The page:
The Division 2’s Warlords of New York expansion finally gives us the chance to track down absentee villain Aaron Keener, a big bad forever alluded to but rarely shown who has been but a figure of myth since the first game. While it’s nice to put a proper face to the name and hunt down the guy responsible for so much calamity simce the Green Poison outbreak, it nonetheless feels a little late.
It has only been a year since the release of Massive Entertainment’s totally not-political-honest sequel, but you’d be forgiven for thinking it’s been much longer. Despite regular support and free updates from Massive and Ubisoft, The Division 2 remained a fairly quiet side option for much of the back half of 2019, doing little to entice new players and annoying existing players with change after change to the already overly-complicated loadout systems.
Recently, a handful of new missions have taken agents back to Coney Island to hunt down key figures in Keener’s circle, setting up the return to New York City and a re-acquaintance with a few notable NPCs such as Faye Lau and Paul Rhodes. Sadly, the lack of any real personality to these characters dampens the reunion somewhat, but it’s oddly nice to see Lau back in action, minus the limp but with a brand new eyepatch.
Warlords of New York has you returning to the mean streets of the Big Apple to hunt down and take out Keener’s four lieutenants, each of whom is comveniently a specialist in one field and is thus equipped to reward you with unique gear and abilities once they’re dead. While clearly built for squad play, I solo’d the vast majority of the Warlords storyline because I struggled to find pick-up groups, and it appears to scale effectively. Gear score is replaced by levels again until you’ve climbed from 30 to 40 and, once again, I was left wondering why Gear Score is a thing at all, when a higher character level cap and clearer stats would do a better a job.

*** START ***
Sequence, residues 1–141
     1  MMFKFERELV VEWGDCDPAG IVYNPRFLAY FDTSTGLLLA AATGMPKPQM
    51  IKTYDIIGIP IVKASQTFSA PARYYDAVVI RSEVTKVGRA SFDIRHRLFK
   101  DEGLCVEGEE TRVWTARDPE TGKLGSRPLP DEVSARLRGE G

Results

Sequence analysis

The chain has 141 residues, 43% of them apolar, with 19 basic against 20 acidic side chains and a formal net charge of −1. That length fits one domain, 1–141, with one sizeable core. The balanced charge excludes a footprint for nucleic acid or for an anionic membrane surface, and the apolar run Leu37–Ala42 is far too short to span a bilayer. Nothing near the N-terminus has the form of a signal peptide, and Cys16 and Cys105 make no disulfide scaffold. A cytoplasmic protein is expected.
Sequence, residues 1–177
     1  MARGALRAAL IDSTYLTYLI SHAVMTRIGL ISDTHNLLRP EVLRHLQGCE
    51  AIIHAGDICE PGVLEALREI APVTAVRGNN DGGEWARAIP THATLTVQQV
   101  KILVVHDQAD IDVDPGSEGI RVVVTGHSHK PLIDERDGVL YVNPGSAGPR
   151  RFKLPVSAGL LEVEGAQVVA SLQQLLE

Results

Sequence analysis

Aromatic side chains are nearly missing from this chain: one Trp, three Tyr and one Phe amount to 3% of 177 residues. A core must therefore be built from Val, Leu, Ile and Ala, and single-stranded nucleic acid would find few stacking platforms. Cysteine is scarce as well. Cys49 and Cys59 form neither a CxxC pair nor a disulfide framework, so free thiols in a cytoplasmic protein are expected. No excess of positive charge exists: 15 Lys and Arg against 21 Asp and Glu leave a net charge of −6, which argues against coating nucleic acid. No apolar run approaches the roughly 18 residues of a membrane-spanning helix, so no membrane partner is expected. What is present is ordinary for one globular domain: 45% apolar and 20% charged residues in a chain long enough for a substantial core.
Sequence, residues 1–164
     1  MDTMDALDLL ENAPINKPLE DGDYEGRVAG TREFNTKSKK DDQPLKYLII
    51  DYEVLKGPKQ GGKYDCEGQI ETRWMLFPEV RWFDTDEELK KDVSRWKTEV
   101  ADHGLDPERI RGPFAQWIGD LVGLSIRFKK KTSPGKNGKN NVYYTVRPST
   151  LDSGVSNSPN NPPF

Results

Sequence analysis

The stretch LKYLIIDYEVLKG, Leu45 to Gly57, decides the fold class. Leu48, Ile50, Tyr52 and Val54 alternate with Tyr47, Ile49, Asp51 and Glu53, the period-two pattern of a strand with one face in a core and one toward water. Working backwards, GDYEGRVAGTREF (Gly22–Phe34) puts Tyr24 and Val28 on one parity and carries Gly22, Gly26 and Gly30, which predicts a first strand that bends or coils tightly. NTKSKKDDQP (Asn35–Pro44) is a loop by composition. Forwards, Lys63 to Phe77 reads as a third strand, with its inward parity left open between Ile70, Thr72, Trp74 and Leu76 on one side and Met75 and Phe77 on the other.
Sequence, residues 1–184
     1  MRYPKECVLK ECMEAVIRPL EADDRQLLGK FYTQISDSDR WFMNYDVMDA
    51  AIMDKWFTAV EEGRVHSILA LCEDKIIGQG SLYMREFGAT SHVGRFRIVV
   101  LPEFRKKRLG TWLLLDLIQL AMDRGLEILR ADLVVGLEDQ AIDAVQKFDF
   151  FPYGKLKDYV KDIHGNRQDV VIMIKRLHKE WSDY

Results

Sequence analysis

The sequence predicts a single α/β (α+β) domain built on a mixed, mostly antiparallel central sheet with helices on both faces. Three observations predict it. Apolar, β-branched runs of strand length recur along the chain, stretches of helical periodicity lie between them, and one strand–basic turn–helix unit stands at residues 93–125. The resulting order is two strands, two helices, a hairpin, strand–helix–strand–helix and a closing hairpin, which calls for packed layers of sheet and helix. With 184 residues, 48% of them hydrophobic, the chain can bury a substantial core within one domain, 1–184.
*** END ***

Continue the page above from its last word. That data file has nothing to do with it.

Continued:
The campaign is decent though, each boss fight presenting a unique series of challenges, using the environment along with new tech to confound you, but rewarding you handsomely for your efforts. It’ll run you to the 12-hour mark easily, or longer if you choose to spend time in the open world in-between.
Or maybe you’ll take a trip into the Dark Zone, which has seen overhauls in the form of improved rewards and stricter punishments for gankers and griefers. You can call extraction in more often now, even if you only have one piece of loot to extract, which constantly brings all the agents to the yard on a morr regular basis, keeping the flow of combat and the loop of risk and reward at a constant high tempo.
With Warlords of New York, The Division 2 finally gets a villain worth tackling, but he comes with the realisation that he’s exactly what the base game was lacking and why so many players spent so long hunting the spectral Hunters and then wishing Ubisoft would add more later. A clear villain gives the action focus, and while his ultimate goal may be the currently over-used “destroy the world to save it” nonsense, his brand of anarchy is refreshing, and having a figure of hatred to fixate on amongst all the suffering and pain is cathartic in itself. A word of warning though: the bullet sponges are back in force, and they’re so common you’ll feel like you’re back in New York from the first game. It’s a mechanic Massive have struggled with since day one in this universe, and still makes zero sense in a real-world setting. No one should be shrugging off a bullet in the face, steel mask or no.
That aside though, throw in a bunch of new gear and cosmetic items (still no new beards though, what the hell?), more levels to grind, new environments, challenges, and pantomimey villains and Warlords of New York proves to be an enticing and rewarding addition to one of last year’s best shooters. Will it revive a flagging IP enough to ensure a threequel? Who knows. Either way, it’s certainly worth a return trip to Manhattan.
Keener is a decent villain
Adds plenty of content
Boss encounters are great
Lots of bullet-sponge enemies
Gear score still feels superfluous
New environments don't feel new